I flew in an airplane to come down to help her clean up her neighborhood.  I went back to a house with three bedrooms instead of one.  I was born into white skin to middle class parents.  I was lucky to live in a school district that could afford good teachers and high-quality educational programs.  Yes, I worked hard.  But I started with advantages that this woman will never have.  It’s not fair.  The deck is already stacked in my favor.  I was born into privilege that I neither earned nor deserved.  I am already rich.  And like the football coach’s wife, I am never satisfied.

I am programmed not to be satisfied.  I’m not talking about being ambitious or striving for excellence.  No, I’m talking about the message that I and my children are bombarded with nearly every hour of the day.  It is the message upon which our economy is based:  want more.  What you have is not enough.  Your computer and your cell phone are too old and you need to upgrade.  Your clothes are so last-season and you need the latest fashion.  You need more energy to support your high-maintenance life-style.  Your collection – whatever it is: cars, toys, sports memorabilia, antiques -- is never fully complete, and you must make room for more, more, more. 
So we build sheds and buy glass display cases, and purchase bins and file cabinets, and rent storage space for more and more stuff. And all the while the seductive voice promises, once you have this then you can relax, eat, drink, be merry.  That voice makes us deaf to the cries of the poor, the ravaged planet, and whole villages of people who slave away to make all these material items for us.

How did we get this way?  How did we go from a nation of industrious ants virtuously striving for an extra season’s provisions to a conglomeration of hyper-consumers, hell-bent on acquisition, no matter what the cost to our neighbor or our planet?  How did we devolve into such a self-centered bunch, focused only on our own wants and those of our family, regardless of the needs of others who bear the burden of our lifestyles?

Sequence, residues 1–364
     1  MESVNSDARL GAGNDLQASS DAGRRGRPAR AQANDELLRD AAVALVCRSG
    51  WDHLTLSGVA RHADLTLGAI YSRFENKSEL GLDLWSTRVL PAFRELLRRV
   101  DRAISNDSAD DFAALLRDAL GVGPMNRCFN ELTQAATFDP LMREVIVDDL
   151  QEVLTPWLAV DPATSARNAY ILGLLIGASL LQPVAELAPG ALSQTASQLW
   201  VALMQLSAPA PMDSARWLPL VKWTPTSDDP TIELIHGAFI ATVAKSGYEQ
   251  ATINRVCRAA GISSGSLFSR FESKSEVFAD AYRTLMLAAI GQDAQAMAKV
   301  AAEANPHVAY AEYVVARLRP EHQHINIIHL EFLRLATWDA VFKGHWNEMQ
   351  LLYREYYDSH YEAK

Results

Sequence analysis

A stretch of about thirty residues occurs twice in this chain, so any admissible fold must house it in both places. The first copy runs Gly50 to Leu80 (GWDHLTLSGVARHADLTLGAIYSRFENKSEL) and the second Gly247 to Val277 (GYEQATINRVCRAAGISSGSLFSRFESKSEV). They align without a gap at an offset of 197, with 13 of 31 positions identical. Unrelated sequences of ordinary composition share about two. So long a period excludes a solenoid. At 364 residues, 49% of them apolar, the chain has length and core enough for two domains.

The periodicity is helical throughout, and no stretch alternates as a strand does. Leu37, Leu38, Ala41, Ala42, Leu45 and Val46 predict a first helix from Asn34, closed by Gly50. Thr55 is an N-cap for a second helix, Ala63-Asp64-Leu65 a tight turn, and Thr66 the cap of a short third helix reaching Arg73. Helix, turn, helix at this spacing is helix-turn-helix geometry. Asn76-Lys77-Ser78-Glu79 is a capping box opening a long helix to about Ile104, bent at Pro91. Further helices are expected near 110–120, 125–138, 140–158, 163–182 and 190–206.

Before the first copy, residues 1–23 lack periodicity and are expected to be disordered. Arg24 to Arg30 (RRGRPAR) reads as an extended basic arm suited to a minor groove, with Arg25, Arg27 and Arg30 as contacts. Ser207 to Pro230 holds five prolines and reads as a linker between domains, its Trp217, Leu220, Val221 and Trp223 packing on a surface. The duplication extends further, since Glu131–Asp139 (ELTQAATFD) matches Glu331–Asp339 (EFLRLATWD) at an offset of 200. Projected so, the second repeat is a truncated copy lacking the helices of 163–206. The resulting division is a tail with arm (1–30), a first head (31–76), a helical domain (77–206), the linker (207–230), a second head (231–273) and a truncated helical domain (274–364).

More importantly – what’s it going to take for us to change?  Because the end of the parable is clear.  Just when he thinks he finally has it all, has acquired the prize, has reached the pinnacle of achievement – that’s when the rich man’s life is demanded of him.  And when that bill collector comes calling, there is no other form of payment that will suffice.  You can’t offer the cars in your garage to appease it.  You can’t trade in your property to buy it off.  You can’t cash in your stocks to avoid it.  When death comes for you, as the saying goes, your hearse will not come with luggage racks.
Again, don’t misinterpret the parable.  It’s not saying you shouldn’t make provisions for your spouse and family in the event of your untimely death.  What the parable is doing is creating a crisis that is meant to shock us into some serious reflection about the state of our own soul.  It’s asking the question:  where are you investing your heart and your life-force, which is truly the only thing you can offer God at the time of your death?  In what ways are you striving for material wealth when you should be working towards being “rich toward God,” as the parable puts it?

This is a difficult parable to heed because none of us likes to think about our own deaths.  But perhaps we need a little dose of reality to counteract all those commercials implying that we will be immortal, and so we can afford to invest in all these material things.  Perhaps you and I need to take this parable to heart and do some honest reflecting on what would happen if the Grim Reaper were to come calling tonight?  What will you have to show for the priceless gift of your own soul?  And what can we do to become “rich toward God”?

Perhaps what we need is to practice “little deaths.”  One of the best ways to avoid the scenario of the rich man is to engage in the spiritual practice of dying to those things that are keeping us from a healthy relationship with God and others. These are spiritual practices that we can do that in three ways.  First, we can put to death the idea that we are the center of the universe.  Listen again to verses 17-19 in the Gospel reading.  How many times does the rich man say the word “I” or “my soul?” 

 “What should do, for I have no place to store my crops?” “will do this: I will pull down my barns and build larger ones, and there I will store all my grain and my goods. And I will say to my soul, ‘Soul, you have ample goods laid up for many years; relax, eat, drink, be merry’” (12:17-19).  Thirteen times!